Reduce Pesticide Use at Home – and Then Do More

Reduce Pesticide Use at Home and Then Do More

New evidence from researchers across the country shows that pesticides are harming our children.

As a mother of two teenagers, I know we can take steps at home to reduce our family’s pesticide exposure. The food we eat, how we control bugs in our backyard garden, what we do about that line of ants that shows up every spring — these are important choices that really do make a difference.

Food choices alone can make a tremendous difference – many recent studies show health effects from exposure to very low levels of pesticides, like the levels found on the food we eat every day. And children are especially vulnerable.

Pesticide Action Network has developed a great tool for making healthier choices: the “What’s On My Food?” online database and iPhone app. This easy-to-use site will show you which fruits and vegetables are likely to be covered with what pesticides — and what health harms are linked to those chemicals.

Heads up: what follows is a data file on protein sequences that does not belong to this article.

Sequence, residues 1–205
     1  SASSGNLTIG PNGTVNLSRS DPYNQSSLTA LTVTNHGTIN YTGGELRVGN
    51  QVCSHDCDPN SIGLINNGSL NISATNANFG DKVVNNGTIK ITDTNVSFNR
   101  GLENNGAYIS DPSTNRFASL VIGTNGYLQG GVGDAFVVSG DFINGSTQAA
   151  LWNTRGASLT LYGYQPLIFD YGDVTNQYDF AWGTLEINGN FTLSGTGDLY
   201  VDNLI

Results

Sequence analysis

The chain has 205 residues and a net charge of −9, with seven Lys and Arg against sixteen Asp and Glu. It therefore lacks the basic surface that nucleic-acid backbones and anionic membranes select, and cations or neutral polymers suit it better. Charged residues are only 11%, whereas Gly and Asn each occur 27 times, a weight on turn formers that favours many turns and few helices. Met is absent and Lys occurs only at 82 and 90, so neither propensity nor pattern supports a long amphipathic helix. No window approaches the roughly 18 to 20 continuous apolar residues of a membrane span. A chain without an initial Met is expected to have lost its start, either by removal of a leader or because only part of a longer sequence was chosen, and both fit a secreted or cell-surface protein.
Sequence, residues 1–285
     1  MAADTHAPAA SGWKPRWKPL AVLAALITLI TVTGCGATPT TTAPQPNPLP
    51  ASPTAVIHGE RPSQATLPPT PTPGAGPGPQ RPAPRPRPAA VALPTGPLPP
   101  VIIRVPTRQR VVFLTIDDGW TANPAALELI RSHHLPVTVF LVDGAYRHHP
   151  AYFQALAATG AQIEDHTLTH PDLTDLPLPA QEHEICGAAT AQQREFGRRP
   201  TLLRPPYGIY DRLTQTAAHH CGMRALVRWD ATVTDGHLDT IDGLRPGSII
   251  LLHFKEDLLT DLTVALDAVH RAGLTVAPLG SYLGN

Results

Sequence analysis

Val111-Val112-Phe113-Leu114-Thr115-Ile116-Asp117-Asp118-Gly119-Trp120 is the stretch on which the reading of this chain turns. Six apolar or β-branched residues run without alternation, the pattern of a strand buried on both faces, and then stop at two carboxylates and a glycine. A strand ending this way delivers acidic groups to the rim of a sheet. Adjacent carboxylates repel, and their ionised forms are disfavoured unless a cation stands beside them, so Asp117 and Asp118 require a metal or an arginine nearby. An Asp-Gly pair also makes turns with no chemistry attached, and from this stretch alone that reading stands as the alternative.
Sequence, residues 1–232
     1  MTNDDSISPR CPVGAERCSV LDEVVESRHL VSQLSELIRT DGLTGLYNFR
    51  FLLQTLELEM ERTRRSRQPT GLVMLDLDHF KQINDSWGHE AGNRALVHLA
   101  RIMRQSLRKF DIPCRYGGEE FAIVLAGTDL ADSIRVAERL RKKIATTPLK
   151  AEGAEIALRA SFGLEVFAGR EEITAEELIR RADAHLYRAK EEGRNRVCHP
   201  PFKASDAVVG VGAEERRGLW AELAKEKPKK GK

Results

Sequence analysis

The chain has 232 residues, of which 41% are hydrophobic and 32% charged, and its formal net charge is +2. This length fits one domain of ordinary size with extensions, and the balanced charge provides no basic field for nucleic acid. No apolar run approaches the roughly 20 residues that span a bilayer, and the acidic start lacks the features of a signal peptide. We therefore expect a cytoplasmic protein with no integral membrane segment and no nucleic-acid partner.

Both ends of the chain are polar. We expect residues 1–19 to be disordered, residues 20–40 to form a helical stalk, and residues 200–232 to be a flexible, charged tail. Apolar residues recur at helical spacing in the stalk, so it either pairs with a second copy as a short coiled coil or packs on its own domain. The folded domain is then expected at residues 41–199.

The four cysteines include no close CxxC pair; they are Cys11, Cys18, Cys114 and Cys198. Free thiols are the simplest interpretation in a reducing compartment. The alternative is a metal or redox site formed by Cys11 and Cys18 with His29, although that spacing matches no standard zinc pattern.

whats on my food

Here are just a few examples of what you’ll find when you take a look at

•14 of the 52 pesticide residues found on blueberries are neurotoxicants, which can harm brain development and contribute to falling IQs.
•19 suspected hormone disruptors were found on broccoli samples. These chemicals are linked to cancer, obesity and developmental disorders.
•8 known or probable carcinogens were found in green bean samples.

And choosing pesticide-free fruits and vegetables does more than cut down our family’s exposure. It also supports those farmers who have stepped off the pesticide treadmill, and protects rural and farmworker families – and their children.

But household choices alone cannot solve the problem of pesticides. It’s just too big. We use more than a billion pounds of pesticides a year in this country, and these chemicals are harming our children.


We need to push for policies at the local, state and national level that will bring these numbers down, that will better support schools, cities and farmers that want to reduce the use of pesticides — and we need them urgently.

Put simply, it’s high time we made our children’s health a national priority.

Kristin Schafer

Kristin Schafer, M.A. is a Senior Policy Strategist at Pesticide Action Network (PAN) and the Lead Author on several PAN reports. Her work focuses on the intersection of pesticides, children’s health, and policy issues. She writes often on the topic for PAN’s GroundTruth blog.

Note: This Perspectives Blog post is written by a guest blogger of The opinions expressed on this post do not necessarily reflect the opinions of Dr. Greene or, and as such we are not responsible for the accuracy of the information supplied. View the license for this post.

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